Sequoia High School has been the centerpiece of education in Redwood City since its founding in 1895. Thousands of young people have received a quality education inside its walls, and we certainly hope this will continue for another 100 years.
In an effort to communicate our pride in our alma mater and our support of quality education, the Sequoia High School Alumni Association is raising funds to erect a minimum 3- or 4- foot bronze statue of the great Cherokee scholar, Sequoyah, which will sit on a pedestal. Gifted sculpture, Daniel HorseChief, who designed and created a ststue of Sequoyah for Northeastern State University in Tahlequah, Oklahome, has been selected to do the work. The statue will be in a prominent interior location of the school that will lend dignity to its presence.
Creator of the Cherokee writing system known as syllabary, Sequoyah reflects the great history of Sequoia High School, capturing the importance of education and global understanding. He is the perfect symbol of this institution, “Sequoia” being the Latin form of Sequoyah.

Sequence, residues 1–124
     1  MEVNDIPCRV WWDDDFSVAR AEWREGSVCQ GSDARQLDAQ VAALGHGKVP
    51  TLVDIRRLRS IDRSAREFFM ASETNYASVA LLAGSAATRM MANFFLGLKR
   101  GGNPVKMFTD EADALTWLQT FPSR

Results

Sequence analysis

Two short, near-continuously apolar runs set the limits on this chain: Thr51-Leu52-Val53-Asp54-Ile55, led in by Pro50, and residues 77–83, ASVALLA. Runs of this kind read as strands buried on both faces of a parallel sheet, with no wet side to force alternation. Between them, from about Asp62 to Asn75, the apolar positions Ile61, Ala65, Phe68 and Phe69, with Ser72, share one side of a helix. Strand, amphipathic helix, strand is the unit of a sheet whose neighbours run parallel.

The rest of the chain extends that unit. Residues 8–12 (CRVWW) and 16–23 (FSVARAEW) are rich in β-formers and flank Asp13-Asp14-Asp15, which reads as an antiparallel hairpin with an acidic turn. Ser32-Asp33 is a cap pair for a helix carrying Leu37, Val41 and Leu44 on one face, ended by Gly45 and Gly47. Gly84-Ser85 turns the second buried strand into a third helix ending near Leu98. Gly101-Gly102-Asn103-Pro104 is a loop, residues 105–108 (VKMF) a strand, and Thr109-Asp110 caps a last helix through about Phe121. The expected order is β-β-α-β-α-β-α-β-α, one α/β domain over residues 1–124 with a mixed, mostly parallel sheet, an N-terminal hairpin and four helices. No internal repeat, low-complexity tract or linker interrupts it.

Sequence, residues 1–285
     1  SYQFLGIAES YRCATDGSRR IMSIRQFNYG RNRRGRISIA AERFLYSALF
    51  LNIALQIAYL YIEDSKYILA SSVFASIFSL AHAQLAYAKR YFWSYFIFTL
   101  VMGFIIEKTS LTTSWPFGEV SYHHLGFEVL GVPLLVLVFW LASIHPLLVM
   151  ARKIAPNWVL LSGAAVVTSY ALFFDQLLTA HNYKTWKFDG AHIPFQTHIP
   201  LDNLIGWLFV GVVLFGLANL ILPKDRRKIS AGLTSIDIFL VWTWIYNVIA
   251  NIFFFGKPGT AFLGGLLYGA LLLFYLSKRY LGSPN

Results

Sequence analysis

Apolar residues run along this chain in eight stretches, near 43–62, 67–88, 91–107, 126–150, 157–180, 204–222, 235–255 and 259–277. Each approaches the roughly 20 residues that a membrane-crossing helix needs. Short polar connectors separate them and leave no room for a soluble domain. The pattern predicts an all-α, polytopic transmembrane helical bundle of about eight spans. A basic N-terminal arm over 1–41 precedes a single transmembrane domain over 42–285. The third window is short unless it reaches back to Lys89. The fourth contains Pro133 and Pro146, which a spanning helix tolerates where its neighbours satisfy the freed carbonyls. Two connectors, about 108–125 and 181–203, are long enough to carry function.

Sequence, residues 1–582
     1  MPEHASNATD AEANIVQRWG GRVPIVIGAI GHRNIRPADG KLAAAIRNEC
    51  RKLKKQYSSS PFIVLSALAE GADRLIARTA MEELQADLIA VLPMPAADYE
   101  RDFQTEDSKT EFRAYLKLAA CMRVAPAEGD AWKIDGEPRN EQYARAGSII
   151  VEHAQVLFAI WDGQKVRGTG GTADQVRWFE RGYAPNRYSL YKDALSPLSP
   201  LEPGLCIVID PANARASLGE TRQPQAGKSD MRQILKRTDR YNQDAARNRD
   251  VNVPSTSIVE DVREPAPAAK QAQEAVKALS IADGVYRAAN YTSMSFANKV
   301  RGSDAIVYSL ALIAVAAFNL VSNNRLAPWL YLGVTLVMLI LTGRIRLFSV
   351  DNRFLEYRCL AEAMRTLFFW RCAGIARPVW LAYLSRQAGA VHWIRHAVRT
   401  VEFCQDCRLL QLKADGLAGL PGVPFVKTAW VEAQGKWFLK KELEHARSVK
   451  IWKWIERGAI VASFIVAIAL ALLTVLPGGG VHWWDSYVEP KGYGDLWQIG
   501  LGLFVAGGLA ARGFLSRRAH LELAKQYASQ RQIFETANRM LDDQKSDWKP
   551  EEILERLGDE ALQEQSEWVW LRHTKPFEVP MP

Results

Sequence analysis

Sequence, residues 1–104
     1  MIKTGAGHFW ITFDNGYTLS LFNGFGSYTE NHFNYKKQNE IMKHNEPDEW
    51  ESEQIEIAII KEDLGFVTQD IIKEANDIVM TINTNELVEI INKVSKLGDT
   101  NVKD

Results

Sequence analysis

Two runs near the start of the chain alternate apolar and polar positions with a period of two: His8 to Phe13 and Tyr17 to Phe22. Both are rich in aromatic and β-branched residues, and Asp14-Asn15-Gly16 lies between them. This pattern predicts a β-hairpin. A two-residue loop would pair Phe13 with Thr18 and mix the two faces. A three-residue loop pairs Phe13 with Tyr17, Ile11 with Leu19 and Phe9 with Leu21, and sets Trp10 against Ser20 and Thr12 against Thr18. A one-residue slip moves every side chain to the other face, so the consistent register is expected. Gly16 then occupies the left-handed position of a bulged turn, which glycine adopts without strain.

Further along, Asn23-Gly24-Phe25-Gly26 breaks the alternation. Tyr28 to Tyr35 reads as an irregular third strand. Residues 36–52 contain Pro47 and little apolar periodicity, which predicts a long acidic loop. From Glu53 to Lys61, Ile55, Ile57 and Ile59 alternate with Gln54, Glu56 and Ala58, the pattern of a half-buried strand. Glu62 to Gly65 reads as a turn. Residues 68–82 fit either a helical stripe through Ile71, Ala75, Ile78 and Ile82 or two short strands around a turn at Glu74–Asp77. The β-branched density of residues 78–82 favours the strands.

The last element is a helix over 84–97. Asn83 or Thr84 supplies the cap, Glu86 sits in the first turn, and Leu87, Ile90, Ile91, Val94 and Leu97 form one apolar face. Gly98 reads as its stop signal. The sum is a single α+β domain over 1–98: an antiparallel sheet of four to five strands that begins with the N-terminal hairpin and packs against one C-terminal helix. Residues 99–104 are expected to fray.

The minimum cost will be from $14,000 to $25,000, amount and size depending on funds raised with an option for a larger size if significantly more money is raised, WE are hoping that alumni, local businesses, and corporations will support this worthy project and make a donation to help defray the cost.
[As a Sequoia Alum from the Class of 1960, you likely] appreciate the 118 years that Sequoia has maintained its commitment to education in Redwood City, please join me in making a tax-deductible donation. The Sequoia High School Alumni Association is a 501(c)(3) .nonprofit organization, Tax I.D. 94-967009.
Please make your check or money order payable to Sequoia High School Alumni Association (note Sequoyah statue on the memo line) and mail your payment to Sequoia High School Alumni Association, P.O. Box 2534, Redwood City, CA 94064
From a letter signed by Ken Rolandetti, President, Sequoia High School Alumni Association and John Castro, Sequoyah Statue Project Leader
January 28, 2013